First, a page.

The expression of ZK593.4, T21C12.2, and F43G9.5 was down-regulated and that of C10G11.5, F52H3.5, and C39F7.5 was up-regulated in the daf-2 mutant in a daf-16–dependent manner (Fig. 1 and Table 1). Because the positively and negatively regulated genes bear conserved DAF-16 binding sites and are likely to be direct targets of DAF-16, these results suggest that DAF-16 acts as both a transcriptional activator and a transcriptional repressor, depending on gene context, similar to the fork-head transcription factor LIN-31 (20). We failed to detect the expression of three of the DAF-16 downstream gene candidates (E04F6.2, F27C8.1, and T20B3.1), probably because of low endogenous expression. For the remaining eight candidates, we did not detect a noticeable change of expression under the conditions tested. These genes may represent false positives predicted by informatics. Alternatively, some of these genes may be regulated by daf-2 signaling in a tissue- or stage-specific manner, so that their differential expression was not detected in RNA that was isolated from whole adult animals. Because neuronal daf-2 signaling is sufficient to regulate C. elegans longevity (21), analysis based on changes of mRNA levels in whole animals might miss regulatory genes acting in particular tissues, such as neurons. Such regulatory genes would be identified by the informatic search for DAF-16 binding sites. Green fluorescent protein fusions to these candidate genes might reveal whether they are expressed in particular tissues and whether their expression is regulated by daf-2 signaling.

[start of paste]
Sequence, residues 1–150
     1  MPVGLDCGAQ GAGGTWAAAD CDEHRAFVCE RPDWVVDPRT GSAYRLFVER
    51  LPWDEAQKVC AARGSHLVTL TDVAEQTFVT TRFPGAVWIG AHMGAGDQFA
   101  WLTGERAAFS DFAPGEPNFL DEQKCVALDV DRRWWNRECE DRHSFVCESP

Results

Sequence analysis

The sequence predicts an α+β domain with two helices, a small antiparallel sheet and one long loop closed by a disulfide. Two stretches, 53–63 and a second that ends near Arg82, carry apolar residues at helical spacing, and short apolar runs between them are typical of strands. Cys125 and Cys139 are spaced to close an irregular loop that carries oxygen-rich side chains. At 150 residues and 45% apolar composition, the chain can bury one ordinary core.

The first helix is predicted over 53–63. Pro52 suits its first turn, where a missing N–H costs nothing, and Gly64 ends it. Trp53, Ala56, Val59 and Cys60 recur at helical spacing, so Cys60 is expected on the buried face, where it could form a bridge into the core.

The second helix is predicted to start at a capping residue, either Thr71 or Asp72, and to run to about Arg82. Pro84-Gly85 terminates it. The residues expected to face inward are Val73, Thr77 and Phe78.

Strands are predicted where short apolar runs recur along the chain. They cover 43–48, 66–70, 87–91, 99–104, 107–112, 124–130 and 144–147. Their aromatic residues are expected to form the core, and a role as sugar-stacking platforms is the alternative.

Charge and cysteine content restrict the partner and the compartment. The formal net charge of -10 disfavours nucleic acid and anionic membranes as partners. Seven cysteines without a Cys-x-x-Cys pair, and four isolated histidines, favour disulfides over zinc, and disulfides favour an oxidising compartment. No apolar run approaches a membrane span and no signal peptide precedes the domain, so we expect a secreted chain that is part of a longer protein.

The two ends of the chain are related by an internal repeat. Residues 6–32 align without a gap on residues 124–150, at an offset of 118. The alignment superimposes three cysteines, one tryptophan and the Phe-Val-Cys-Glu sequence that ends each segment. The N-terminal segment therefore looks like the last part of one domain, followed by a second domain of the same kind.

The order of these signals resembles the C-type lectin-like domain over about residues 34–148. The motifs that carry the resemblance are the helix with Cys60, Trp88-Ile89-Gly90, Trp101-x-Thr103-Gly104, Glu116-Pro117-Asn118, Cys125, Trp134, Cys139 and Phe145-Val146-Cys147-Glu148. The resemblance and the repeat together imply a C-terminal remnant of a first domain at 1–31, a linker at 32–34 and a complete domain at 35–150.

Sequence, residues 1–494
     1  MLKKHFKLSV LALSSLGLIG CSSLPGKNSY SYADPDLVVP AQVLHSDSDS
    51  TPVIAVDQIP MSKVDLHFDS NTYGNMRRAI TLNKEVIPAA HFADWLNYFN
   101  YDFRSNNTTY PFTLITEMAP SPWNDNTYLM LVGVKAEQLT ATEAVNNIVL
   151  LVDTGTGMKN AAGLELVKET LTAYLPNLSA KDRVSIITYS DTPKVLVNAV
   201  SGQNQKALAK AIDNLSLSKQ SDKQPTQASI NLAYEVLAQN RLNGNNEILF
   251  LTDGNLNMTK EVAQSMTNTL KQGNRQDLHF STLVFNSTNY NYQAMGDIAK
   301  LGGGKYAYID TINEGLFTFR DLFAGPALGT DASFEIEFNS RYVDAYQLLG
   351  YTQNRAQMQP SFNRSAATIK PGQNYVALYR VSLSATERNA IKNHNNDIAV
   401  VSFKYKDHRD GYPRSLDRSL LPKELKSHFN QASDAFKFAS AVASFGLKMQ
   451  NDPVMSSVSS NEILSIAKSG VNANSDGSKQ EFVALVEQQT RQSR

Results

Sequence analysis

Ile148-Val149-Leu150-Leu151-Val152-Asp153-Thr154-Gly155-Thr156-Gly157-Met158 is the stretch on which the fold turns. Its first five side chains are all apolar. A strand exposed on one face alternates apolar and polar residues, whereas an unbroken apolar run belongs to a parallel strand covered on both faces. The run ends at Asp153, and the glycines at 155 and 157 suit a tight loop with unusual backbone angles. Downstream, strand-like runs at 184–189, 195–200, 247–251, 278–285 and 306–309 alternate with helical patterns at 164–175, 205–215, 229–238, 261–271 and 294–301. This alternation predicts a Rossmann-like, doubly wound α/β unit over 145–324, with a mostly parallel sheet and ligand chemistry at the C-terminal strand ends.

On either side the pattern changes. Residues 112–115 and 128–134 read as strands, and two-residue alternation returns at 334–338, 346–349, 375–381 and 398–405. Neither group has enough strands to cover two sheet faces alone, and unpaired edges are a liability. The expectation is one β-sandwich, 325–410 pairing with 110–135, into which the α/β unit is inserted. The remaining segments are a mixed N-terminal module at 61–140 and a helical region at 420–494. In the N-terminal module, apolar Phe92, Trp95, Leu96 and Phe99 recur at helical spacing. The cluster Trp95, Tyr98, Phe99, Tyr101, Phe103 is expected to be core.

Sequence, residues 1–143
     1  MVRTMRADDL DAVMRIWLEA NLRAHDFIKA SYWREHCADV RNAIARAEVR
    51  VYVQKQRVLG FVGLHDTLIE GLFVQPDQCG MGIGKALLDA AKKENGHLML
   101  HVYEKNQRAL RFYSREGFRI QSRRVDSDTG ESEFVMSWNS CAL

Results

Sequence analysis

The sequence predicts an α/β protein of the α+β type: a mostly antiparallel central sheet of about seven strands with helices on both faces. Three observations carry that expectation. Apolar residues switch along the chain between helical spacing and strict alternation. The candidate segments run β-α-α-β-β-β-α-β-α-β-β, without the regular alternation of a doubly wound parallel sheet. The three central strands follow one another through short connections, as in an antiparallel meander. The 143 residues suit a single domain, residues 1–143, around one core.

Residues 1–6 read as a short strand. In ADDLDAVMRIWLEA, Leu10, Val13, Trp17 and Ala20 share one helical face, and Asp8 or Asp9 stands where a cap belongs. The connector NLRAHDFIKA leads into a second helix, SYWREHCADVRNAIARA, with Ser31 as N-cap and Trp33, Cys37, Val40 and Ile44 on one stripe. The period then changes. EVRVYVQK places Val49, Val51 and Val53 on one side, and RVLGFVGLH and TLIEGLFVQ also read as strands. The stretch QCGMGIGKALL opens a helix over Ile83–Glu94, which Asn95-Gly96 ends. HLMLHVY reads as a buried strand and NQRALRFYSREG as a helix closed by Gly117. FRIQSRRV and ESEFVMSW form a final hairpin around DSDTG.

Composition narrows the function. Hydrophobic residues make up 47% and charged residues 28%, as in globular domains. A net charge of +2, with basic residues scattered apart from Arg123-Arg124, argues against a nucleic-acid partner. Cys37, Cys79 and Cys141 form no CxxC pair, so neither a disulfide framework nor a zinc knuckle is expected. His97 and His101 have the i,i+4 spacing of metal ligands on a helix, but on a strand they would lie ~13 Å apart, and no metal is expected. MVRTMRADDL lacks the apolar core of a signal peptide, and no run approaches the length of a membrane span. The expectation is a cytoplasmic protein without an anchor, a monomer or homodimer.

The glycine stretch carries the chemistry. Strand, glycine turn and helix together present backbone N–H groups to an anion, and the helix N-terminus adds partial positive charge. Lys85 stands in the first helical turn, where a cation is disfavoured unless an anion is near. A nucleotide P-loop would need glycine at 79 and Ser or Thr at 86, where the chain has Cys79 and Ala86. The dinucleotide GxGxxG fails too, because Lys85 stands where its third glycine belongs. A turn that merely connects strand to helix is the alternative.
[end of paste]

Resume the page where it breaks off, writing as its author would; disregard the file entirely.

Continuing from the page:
To examine whether the candidate DAF-16 downstream genes are biologically important targets of daf-2 signaling, we used RNA interference (RNAi) (22) in wild-type or rrf-3(pk1426) strains and daf-2(e1370) or age-1(hx546) strains to reduce the expression of each gene and to determine whether life-span, dauer arrest, and fat storage were affected. rrf-3(pk1426) animals are hypersensitive to RNAi (23) but are otherwise wild type in our functional assays (18). age-1(hx546) animals live long but do not arrest as dauer constitutively at 25°C (24), and they represent a sensitized genetic background with a slight reduction of daf-2 pathway signaling. We expected RNAi inactivation of the genes that are down-regulated in the daf-2 mutant to promote daf-2 mutant phenotypes, including life-span extension, dauer arrest, and increased fat storage, and we expected RNAi inactivation of the genes upregulated in the daf-2 mutant to suppress the daf-2 mutant phenotypes.